PET/CT stands for Positron Emission Tomography/Computed Tomography and is a type of nuclear medicine imaging. An integrated PET/CT scan combines the images from a PET scan and a CT scan, performed at the same time on the same machine. PET/CT allows for early detection of cancer recurrence and can improve chances for treatment success.

  • About PET/CT scans
    • Combining PET and CT technologies creates a more comprehensive image than each could produce alone.
    • PET scans take pictures of the function of the organs and tissues using nuclear medicine technology, while CTs create a 3D physical image using X-rays.
    • A PET/CT scan is used often to image the heart, brain, liver or other organs. It is one of the most effective ways to study cancer.
  • What is a PET/CT scan?

    PET captures functional images of very small changes in the body’s metabolism caused by the growth of abnormal cells. CT images simultaneously allow physicians to measure the physical size, shape and precise location of the diseased tissue or tumor. When the results of the scans are fused together, they provide more complete information than either test alone.

    During the CT scan, a thin beam of X-rays is focused on a specific part of the body. The X-ray tube moves rapidly around this site, enabling multiple images to be made from different angles to create a cross-sectional picture. During a PET scan, a ring of detectors picks up radiation signals from the patient’s body coming from previously injected radiopharmaceuticals. The computer analyzes the information and constructs an image. 

    During some PET/CT scans, a contrast medium may be used to outline blood vessels or highlight organs to be more visible.

  • What can a PET/CT scan tell my doctor?

    PET/CT is used to help diagnose a number of different diseases, including:

    • Brain abnormalities, such as tumors, memory disorders, seizures and other central nervous system disorders.
    • Cancer: Diagnosing, staging, evaluating of current therapies and monitoring of reoccurrence of the disease.
    • Coronary heart disease, heart attacks and their effects on the heart.
    • Areas of the heart muscle that would benefit from angioplasty or coronary artery bypass surgery.

    PET/CT is also used to conduct the following:

    • Bone imaging for cancer metastases.
    • Mapping normal human brain and heart function.
  • How do I prepare for my exam?

    Depending on the type of radiopharmaceutical used during your PET/CT scan, your doctor will probably ask you not to eat or drink anything, except for water, for four to six hours before the exam. In addition, you may be asked not to take certain medications for a certain period of time prior to your exam.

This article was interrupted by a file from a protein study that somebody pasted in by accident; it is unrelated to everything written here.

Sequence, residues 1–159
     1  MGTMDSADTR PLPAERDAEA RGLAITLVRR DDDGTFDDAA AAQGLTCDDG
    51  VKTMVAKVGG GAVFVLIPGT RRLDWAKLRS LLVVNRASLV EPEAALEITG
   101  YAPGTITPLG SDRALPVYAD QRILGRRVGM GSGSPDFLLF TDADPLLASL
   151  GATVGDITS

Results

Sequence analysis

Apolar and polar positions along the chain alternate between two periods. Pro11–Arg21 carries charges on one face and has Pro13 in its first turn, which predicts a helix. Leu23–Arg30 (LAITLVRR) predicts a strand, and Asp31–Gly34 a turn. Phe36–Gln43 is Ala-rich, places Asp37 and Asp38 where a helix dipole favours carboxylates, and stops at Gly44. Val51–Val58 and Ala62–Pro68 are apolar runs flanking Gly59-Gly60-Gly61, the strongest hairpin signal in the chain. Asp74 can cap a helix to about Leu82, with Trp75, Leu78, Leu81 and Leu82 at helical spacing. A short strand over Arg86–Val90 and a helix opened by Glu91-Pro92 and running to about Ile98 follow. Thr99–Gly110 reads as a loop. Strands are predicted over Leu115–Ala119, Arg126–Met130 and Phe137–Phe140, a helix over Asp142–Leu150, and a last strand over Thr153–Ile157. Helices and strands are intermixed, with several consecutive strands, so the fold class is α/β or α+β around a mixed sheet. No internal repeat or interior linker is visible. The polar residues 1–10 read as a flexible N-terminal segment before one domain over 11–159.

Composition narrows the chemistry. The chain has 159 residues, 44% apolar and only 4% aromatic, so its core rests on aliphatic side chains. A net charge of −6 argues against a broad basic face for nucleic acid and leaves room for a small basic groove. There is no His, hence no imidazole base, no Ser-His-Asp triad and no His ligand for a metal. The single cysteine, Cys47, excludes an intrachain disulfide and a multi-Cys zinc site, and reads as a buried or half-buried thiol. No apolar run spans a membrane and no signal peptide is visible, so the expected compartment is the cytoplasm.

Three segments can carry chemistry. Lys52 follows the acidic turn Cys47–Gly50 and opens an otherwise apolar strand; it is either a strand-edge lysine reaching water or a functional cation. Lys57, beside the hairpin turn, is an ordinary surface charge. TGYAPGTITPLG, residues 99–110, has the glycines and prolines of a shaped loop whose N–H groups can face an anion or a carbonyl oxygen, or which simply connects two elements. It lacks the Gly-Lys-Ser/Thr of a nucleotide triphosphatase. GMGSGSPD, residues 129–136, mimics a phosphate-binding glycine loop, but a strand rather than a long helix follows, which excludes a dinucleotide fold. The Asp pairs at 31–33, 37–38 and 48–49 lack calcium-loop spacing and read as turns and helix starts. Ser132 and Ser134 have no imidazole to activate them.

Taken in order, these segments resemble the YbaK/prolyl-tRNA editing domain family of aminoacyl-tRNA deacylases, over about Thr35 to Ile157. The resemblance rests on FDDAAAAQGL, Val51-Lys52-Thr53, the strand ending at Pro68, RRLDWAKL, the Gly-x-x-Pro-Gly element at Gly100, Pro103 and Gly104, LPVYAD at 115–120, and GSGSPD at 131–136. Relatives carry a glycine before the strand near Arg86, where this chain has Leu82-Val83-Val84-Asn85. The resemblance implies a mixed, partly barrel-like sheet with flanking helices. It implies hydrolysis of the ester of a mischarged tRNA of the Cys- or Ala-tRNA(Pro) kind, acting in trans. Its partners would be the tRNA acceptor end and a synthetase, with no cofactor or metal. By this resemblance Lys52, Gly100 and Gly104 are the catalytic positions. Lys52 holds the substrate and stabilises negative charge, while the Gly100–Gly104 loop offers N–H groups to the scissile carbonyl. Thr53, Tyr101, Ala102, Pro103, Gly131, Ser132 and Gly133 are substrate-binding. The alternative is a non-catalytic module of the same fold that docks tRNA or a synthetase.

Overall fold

Patients should inform the doctor of medicine they are currently taking, drug allergies (especially iodine allergies) and whether they are breastfeeding or pregnant.

    Please arrive 15-30 minutes before the scan to fill out paperwork. The tracer that will be injected is ordered specifically for you. Since it’s radioactive, it will decay away. If you are more than 30 minutes late, the scan will have to be rescheduled.

    If you have any anxiety or a history of claustrophobia, it might be wise to ask your referring physician to prescribe a sedative or muscle relaxer. Please remember to fill the prescription and take it prior to coming to the appointment.

  • How is the test performed?

    Patients may be asked to drink a cup of CT contrast at the PET/CT scan. A tech will obtain a small blood sample to check your blood sugar (glucose) level. Elevated glucose levels (over 200) will necessitate canceling the scan, as it can provide false results.

    The tech will then start an IV line. The patient will be given an injection of a small amount of radioactive sugar (FDG) through the IV line. It is safe for diabetic patients. Patients will be asked to rest quietly for about one hour as the tracer is distributed throughout your body. The IV line will be removed.

    A staff member will escort you to the restroom to empty your bladder and ask you to remove any metal or possibly change into a hospital gown. The tech will position you on the scanning bed as comfortably as possible. The CT will be done first and then you will be moved into the machine very slowly as the PET portion is acquired.

    It is important that you lie still during this process to prevent blurred images. The scan takes 30 minutes to an hour, but plan on being at the PET/CT center for two to three hours.

  • Are there risks?

    Because the doses of radiotracer administered are small, diagnostic nuclear medicine procedures result in low radiation exposure, acceptable for diagnostic exams. As a result, the radiation risk is very low compared with the potential benefits. Nuclear medicine has been used for more than five decades, and there are no known long-term adverse effects from such low-dose exposure.

    To be on the safe side, talk to your doctor about how long you should wait before getting too close to an infant, or anyone who's pregnant.

  • How will I find out the results?

    If your physician has ordered a diagnostic PET/CT, a radiologist with specialized training in interpreting PET/CT exams will report the findings to your referring physician.

    Read more about nuclear medicine at Sentara.

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